Documentation requirements & Visas
A valid passport is required for all non-European Union (EU) nationals. In addition, EU nationals should always carry a driving license, national ID, or passport. Depending upon nationality, visas may be required. Note that visas cannot be obtained upon arrival, and those without required visas face fines and/or deportation. If passengers require Schengen visas, such visas must be obtained before arrival. If a visa is not required, passports will only need to be valid for the intended length of stay in Greece. Crew members may enter the country with valid International Air Transport Association crew IDs. Alternatively, a valid passport – and a visa in some instances – will be required.
At this time, there are no agricultural restrictions to note – in terms of bringing catering into the country – but always confirm requirements with your ground handler.
Bringing your pet to Greece is generally a more straightforward proposition than many other international destinations. First, however, it’s vital to ensure the pet has a valid health certificate and has been either microchipped or tattooed. Pets are permitted into Greece with a pet passport, microchip, and a valid vet health certificate.
Bringing hunting weapons into Greece requires licensing, proper documentation, and advance notification to make needed arrangements.
Flight planning procedures and requirements for Greece follow the Eurocontrol policies, and, for business aircraft operators, these procedures are straightforward. However, it’s usually best to have your ground handler assist with flight plan filing in Greece. They can monitor any flight planning issues that may come up and make on-the-spot revisions, when necessary, to avoid operator delays. All Instrument Flight Rules (IFR) flight plans for Greece are filed and controlled via Eurocontrol’s Network Manager Operations Centre. Last-minute flight plan changes may be done via Eurocontrol while you’re on the ground. Eurocontrol will also be able to assist with route changes while you’re airborne. At Athens (LGAV), Air Traffic Control (ATC) will provide directions on where to land and taxi. At other Greek airports, ATC will provide your parking position. There are also cases where ATC may not be able to assist you with arrival details during high season. You’ll need to use the follow-me cart to guide you to parking position, and you will be parked by a marshaller.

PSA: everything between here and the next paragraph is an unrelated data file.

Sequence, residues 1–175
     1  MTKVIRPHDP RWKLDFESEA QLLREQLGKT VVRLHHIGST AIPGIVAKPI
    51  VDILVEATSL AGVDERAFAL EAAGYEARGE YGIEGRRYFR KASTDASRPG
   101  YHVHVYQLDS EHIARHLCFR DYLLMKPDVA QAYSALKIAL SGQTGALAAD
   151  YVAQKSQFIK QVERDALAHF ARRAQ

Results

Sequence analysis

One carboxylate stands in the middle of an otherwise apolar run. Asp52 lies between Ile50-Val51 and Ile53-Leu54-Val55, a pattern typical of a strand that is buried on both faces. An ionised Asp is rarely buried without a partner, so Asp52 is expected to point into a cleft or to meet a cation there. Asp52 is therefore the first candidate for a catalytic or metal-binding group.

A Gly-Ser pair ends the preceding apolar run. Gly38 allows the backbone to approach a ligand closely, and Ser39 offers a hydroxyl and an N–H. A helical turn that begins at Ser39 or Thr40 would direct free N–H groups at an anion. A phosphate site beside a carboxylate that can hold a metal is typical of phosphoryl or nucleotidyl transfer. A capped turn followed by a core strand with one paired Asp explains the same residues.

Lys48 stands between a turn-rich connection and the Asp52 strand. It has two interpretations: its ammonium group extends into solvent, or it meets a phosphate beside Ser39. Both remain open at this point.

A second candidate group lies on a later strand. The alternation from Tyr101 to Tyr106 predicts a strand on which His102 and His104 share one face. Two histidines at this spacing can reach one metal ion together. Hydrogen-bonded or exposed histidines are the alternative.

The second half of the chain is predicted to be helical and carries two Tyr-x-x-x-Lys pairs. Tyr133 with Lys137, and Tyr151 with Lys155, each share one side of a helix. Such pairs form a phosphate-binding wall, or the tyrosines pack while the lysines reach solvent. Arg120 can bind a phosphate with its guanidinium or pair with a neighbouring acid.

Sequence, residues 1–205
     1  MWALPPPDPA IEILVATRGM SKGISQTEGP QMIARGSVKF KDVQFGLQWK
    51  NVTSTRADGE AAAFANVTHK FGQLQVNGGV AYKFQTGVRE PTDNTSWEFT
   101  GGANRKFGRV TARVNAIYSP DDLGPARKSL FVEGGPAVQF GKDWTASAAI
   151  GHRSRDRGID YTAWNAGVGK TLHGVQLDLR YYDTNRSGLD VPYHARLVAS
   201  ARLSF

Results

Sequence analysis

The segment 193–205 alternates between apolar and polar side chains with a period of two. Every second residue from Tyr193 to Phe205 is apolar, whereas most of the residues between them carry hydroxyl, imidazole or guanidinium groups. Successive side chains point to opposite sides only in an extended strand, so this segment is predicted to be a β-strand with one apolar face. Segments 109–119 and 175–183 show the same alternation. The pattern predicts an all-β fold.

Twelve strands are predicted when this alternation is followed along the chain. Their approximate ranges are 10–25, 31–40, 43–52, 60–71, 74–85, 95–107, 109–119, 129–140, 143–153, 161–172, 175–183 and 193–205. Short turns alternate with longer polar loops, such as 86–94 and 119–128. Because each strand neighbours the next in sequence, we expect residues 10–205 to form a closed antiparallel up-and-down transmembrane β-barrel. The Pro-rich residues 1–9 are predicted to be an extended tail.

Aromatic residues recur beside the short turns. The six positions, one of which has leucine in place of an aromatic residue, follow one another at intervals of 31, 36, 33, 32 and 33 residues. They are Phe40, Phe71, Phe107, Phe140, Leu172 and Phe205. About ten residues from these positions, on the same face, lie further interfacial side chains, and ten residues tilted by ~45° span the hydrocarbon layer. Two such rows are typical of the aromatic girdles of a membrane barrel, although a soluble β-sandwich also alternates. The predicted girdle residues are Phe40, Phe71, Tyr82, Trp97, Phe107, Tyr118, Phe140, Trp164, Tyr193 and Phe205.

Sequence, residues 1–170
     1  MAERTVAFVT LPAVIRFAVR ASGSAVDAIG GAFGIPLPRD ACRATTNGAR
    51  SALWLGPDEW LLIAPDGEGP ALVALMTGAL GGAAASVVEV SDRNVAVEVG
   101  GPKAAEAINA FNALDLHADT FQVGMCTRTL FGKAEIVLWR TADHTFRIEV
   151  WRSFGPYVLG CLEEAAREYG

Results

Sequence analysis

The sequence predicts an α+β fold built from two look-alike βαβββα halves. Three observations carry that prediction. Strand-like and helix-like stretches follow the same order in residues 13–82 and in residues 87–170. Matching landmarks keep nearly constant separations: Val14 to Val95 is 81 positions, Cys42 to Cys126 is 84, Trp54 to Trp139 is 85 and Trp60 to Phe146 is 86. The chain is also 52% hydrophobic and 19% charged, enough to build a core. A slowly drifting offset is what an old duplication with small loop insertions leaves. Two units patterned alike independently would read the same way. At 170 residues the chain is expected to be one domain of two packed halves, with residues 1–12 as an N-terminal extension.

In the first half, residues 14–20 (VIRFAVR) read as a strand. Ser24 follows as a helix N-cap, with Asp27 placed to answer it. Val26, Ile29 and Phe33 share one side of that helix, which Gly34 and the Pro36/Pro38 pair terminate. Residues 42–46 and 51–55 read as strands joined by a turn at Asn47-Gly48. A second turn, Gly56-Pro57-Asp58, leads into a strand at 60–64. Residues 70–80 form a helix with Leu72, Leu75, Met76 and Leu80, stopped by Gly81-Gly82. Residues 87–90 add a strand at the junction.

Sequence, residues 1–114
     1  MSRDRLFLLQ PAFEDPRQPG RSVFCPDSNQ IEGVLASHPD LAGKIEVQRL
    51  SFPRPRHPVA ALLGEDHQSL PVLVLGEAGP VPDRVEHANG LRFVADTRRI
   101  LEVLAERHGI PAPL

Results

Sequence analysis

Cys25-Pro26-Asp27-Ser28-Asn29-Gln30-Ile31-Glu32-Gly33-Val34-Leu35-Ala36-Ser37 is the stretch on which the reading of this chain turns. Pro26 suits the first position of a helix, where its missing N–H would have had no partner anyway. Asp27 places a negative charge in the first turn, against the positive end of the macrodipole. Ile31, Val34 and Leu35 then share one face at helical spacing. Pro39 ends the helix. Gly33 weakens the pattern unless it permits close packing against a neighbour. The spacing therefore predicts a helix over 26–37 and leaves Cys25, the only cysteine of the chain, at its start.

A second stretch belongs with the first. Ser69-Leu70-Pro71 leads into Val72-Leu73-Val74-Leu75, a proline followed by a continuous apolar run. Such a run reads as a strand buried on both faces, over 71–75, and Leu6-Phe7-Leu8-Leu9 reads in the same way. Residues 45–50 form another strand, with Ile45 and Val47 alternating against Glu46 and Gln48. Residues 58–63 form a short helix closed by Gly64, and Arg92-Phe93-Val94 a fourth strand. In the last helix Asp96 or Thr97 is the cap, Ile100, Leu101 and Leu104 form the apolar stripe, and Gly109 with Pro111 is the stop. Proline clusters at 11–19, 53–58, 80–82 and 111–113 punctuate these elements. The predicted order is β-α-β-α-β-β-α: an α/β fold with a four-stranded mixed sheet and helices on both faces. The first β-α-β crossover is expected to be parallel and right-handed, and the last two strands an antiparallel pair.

GA/BA Flight Plan Suspension Procedure procedure
For the purposes of the present procedure, the definition of an allocated and confirmed airport slot for General/Business Aviation and Air Taxi flights is the time for which the airport slot is confirmed by the Hellenic Slot Coordination Authority (HSCA), including a tolerance +/- 20 minutes. Flight plans that indicate a time of arrival or departure outside the time that is allocated and confirmed, including the tolerance as defined above, are considered as having no airport slot are considered as having no airport slot and will be canceled or will be subject to heavy fines for slot violation.
Aircraft Equipment Requirements
Aircraft operating in this region need to be equipped for area navigation (RNAV) and required navigation performance (RNP) 5 when conducting flights on air traffic service routes. In addition, VHF radio 8.33 channel spacing is mandatory for all IFR flights in the European Union region. You’ll require a Mode C transponder, Airborne Collision Avoidance System (ACAS) II, and Emergency Locator Transmitter (ELT).
Your ground handler will verify and confirm all required pre-departure services, confirm that flight plans are filed, and ensure there are no restrictions – such as airway slot delays – that may impact your flight plan. Ground handlers can assist if crews have flight plans to file; alternatively, crew members may submit flight plans at the airport tower. Another filing option – if crews have the International Civil Aviation Organization flight plan information ready – is for the ground handler to forward this to Eurocontrol via SITA. It’s important to remember that all IFR flight plans need to be filed via Eurocontrol. On the other hand, Visual Flight Rules (VFR) flight plans are filed via an aeronautical fixed telecommunication network at the nearest tower. Note that there are VFR lower-level restrictions over many historical sites in Greece – including the Acropolis in Athens.
Some airports have no towers
There are several smaller airports in Greece that do not have ATC towers. These airports are typically controlled by the surrounding airport
Push back requirements in Greece